14/01/2013

Why can't the BBC just make Top of the Pops every week again?

It’s a no brainer really. Whatever the delivery mechanism- sheet music, vinyl, cds, downloads, air play etc etc- people consume music and one single/ song/ track must be more popular than all the others. There’s more than enough technology to work out which it is and the order of the pursuing pack as well. So why not have a weekly tv show with a selection of these songs on it, performed in whatever bizarre manner they choose, by the artists? It sounds like the simplest and best idea ever and for decades the BBC did just that with Top of the Pops (hereafter known by its unpronounceable acronym TOTP). Then they stopped.


When it was the most popular, when it worked the best was when the producers chose from the top 30 and varied it with new entries, climbers and at the end the number 1. The acts would mime unless they wanted to sing live which few did. There’d be a rundown of the chart and depending on what decade perhaps a little inane chatter from DJs. Plus there was audience dancing which was part of the charm of the show even though many of the audience seemed to have no sense of rhythm.
It was when they started meddling with this format that audiences began to drift away. They tried to introduce the Album Charts. They’d have a period where they insisted singers sing rather than mime- dogs around the UK covered their floppy ears. Latterly they had some sort of hang out chill out backstage place where celebrities would mingle and try to get their face seen. They had music news (yawn). So the audiences tumbled, the producers made more ridiculous changes and eventually only a million or so people were watching not justifying the cost of making the thing.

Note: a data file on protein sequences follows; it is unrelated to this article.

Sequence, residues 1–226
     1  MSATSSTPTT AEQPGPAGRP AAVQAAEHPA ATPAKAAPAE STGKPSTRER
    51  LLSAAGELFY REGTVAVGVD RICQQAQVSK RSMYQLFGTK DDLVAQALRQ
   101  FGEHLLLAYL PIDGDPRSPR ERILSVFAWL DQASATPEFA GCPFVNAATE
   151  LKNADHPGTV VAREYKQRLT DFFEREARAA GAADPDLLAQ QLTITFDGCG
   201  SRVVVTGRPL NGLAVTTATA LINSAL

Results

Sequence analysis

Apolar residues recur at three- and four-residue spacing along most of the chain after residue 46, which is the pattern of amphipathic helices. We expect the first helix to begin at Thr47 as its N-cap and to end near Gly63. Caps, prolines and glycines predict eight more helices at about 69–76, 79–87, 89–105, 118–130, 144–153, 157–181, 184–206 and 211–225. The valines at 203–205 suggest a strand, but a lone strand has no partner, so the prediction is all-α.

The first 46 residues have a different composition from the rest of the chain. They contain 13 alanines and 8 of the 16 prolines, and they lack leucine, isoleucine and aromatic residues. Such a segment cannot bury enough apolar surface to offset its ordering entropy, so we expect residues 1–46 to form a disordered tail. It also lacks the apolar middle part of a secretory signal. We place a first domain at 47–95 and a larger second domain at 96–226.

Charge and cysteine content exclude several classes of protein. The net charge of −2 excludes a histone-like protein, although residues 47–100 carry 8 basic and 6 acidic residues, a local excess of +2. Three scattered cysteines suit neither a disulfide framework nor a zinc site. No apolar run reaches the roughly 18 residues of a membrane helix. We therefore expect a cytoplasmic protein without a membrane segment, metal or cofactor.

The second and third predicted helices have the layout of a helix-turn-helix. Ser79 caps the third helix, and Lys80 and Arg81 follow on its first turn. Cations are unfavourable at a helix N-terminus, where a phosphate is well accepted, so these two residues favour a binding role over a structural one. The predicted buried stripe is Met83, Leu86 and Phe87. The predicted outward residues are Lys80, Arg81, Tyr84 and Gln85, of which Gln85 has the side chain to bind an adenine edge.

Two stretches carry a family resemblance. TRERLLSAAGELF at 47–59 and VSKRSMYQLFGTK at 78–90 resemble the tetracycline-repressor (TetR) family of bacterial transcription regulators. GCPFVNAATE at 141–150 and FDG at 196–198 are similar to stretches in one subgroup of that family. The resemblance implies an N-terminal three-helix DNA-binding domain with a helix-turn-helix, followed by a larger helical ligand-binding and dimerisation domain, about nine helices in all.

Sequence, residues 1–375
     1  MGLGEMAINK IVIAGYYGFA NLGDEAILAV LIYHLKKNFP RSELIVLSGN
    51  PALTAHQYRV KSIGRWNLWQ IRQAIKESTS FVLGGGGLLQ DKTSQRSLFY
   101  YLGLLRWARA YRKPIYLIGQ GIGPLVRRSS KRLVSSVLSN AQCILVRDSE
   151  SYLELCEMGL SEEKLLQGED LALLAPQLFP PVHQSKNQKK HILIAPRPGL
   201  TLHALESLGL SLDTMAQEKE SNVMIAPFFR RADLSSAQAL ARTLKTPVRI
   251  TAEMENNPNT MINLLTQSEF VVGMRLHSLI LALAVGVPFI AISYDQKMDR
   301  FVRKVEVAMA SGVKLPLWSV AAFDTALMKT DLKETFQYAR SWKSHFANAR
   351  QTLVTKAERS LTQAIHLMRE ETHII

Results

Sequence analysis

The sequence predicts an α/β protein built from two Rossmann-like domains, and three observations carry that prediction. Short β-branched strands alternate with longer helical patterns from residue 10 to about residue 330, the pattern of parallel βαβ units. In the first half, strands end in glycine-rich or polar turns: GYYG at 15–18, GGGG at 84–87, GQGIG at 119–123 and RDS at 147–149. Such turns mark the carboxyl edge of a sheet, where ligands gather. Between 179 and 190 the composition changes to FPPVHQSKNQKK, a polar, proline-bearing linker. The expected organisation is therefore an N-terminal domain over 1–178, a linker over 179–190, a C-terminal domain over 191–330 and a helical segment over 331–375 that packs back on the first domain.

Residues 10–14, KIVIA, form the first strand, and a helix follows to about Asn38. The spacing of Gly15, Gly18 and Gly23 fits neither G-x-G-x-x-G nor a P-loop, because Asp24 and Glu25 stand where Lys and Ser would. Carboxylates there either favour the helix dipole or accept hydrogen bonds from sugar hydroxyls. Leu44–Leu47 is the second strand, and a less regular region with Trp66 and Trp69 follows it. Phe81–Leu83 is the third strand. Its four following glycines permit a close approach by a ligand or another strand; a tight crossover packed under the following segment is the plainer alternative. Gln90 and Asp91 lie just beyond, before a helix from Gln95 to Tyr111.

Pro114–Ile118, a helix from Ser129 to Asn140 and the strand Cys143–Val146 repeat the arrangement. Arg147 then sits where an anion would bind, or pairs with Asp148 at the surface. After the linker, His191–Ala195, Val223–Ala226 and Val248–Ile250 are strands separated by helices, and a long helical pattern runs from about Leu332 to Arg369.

In it’s pure format TOTP was the great leveller because everyone was treated the same whether they were a multi million selling legend or a one hit wonder. The only acts curmudgeonly enough to turn the programme down were probably The Clash and Led Zeppelin and in the case of the latter they didn’t release singles anyway. The show was a perfect snapshot of what was popular in any given week. With one or two exceptions, TOTP never flinched from whatever was trending. So when the frankly unlistenable New Wave of British Heavy Metal was rising the studio was packed with heavy metal played slightly quicker than usual. When `baggy` was booming, extraordinarily roomy trousers and shuffle beats dominated. When club music was in the ascendancy it was a female singer and lots of blokes pretending to play keyboards.
Nowadays the BBC trade off the TOTP brand and reputation yet won’t make it properly. They do a Xmas one, a New Year one, they have specials, compilations and even re-run weekly shows from the 70s on BBC4. So why don’t they just admit it’s a simple but great idea and it can’t go wrong if you don’t mess with the format and start making it again?

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